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The SportsThink Weekly Review #32
January 29, 2021
Hello and welcome to the thirty-second edition of the Weekly Review! 32, to me, will always be Magic Johnson, my very first sporting idol. My dad still occasionally reminds me that I called him in Norway, sobbing, to share the news of Magic’s HIV announcement. Today, Magic is essentially a tycoon and maintains what is at once the most positive and most banal Twitter account in sports. But he’s still the GOAT to me, the man who made passing inexorably cool.
Inside the Lines: My Favorite Sports Reads of The Week
Hunting Trips, Sex, and Cash: How Russia Influenced Biathlon’s Leader, by Tariq Panja, via the NYT. To most of us, biathlon is truly an oddball sport. So it may seem a little weird that a country would go to such great lengths of corruption to maintain dominance, but that’s exactly what Russia has done here. A reminder of states’ deep belief in the geopolitical soft-power of sporting success. Pretty wild story, really well reported by Panja.
The Day That Changed Everything, by Matthew Stanmyre, via NJ.com. I’m not sure who sent this to me or how I found it, but I was cleaning out some old bookmarks this week and I was so glad to stumble across this. Here’s the tagline: They lost the biggest New Jersey high school football game ever played. Can one agonizing defeat destroy a life? I’ll leave it at that and simply note that this is a really good read. From December 2019.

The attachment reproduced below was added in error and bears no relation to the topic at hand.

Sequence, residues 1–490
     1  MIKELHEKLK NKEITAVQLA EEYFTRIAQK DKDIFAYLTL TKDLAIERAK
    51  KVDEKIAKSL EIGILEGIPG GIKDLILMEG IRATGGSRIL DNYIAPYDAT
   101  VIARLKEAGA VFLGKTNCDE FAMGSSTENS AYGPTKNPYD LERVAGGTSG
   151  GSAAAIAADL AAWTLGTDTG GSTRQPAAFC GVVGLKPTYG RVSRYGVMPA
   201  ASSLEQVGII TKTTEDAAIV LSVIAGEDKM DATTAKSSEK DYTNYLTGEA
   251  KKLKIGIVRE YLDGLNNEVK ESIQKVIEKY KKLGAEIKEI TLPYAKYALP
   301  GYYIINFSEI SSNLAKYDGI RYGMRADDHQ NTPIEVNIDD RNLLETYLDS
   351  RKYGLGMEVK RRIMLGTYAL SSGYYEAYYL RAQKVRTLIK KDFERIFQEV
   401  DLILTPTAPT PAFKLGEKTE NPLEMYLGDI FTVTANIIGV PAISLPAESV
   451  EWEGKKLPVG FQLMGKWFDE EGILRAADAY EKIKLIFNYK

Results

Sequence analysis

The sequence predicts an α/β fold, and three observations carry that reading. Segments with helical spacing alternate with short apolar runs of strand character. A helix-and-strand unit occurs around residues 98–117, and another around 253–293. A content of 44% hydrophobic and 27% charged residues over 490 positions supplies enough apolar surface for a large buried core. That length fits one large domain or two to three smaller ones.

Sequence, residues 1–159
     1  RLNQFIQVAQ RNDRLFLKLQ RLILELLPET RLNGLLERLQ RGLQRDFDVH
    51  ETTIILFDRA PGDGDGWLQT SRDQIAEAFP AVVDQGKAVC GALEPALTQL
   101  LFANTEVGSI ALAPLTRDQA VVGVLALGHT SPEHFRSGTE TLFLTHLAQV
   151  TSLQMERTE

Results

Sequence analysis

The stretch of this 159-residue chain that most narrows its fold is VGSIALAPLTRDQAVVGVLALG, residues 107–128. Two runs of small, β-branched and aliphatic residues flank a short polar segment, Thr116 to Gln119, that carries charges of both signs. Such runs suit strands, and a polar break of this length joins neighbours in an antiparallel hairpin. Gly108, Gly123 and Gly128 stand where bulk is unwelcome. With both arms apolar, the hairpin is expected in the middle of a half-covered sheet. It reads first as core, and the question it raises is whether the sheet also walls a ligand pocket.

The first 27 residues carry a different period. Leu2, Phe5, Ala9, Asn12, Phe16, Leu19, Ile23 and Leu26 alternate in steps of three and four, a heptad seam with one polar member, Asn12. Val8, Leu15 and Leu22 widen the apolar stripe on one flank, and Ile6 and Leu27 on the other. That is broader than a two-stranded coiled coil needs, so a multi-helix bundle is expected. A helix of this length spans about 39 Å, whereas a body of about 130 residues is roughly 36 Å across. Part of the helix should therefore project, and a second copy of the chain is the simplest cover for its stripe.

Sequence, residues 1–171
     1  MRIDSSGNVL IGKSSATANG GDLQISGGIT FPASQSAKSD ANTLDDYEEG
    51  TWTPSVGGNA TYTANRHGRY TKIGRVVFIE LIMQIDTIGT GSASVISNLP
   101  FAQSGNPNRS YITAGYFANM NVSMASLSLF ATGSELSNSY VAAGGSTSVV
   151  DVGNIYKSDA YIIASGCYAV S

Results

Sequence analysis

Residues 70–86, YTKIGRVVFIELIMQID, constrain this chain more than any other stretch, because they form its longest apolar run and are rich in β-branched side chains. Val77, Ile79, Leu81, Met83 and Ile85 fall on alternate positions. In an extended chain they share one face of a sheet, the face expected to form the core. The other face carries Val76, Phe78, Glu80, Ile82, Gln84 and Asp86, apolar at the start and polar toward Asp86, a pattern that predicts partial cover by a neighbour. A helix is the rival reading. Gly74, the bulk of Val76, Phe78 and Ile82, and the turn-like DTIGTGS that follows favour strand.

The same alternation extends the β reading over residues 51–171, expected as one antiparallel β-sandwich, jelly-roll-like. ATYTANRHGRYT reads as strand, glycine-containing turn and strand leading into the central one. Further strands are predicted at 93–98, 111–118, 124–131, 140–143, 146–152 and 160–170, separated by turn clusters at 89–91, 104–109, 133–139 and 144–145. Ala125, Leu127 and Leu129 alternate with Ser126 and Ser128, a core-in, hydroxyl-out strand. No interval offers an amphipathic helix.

How Japanese American Internees Formed Wyoming’s Greatest Football Team, by Rich Tenorio, via the Guardian. An overview/review of Bradford Pearson’s new book, The Eagles of Heart Mountain, with several quotes from Pearson himself. Amazing story that is thankfully no longer lost to history. I haven’t read the book yet, but am very much looking forward to doing so soon.
‘Every Two Months One of My Teammates Dies’, by Ben Shpigel, via the NYT. Yes, more football, but another really good piece here. The Green Bay Packers of the 1960s produced a legion of Hall of Famers and won five championships under Coach Vince Lombardi. Their ranks have been devastated by death in the last 27 months.
The Lasting Memories of Kobe and Gigi, by Mirin Fader, via the Ringer. A timely piece on the anniversary of untimely deaths. After Magic’s departure, I suffered through dark 90s of Laker fandom, cheering on guys like Elden Campbell, Anthony ‘Pig’ Miller, and Cedric Ceballos. Not a fun stretch. But then we got Shaq, and of course, Kobe, and so many good memories. The man was not without his flaws, but I feel like we were all robbed of a very promising second chapter in his life. And I can barely even think about Gianna and the other girls lost in the crash. A really nice piece from Fader, who’s Davante Adams profile I shared a couple weeks ago.
Keeping Up With The Sports Page
Tweet of the Week
Awesome routine, UCLA gymnastics is killing it these days.
TV Detector Vans Once Prowled the Streets of England, by Lewin Day, via Hacakday. The UK TV license law always struck me as weird…cool history of attempts to enforce the rule.
Suck It, Wall Street, by Matt Taibbi, via his newsletter. Taibbi has his hits and misses, but when he’s good, he’s really good. File this one under when he’s good. Maybe the only thing you need to read on Gamestop hullabaloo.
As always, thank you for reading. Don’t hesitate to reach out if you’re having trouble accessing any articles, happy to send them directly your way. And, if you’re enjoying the newsletter, please consider sharing it with someone else who might like it.
See you next week,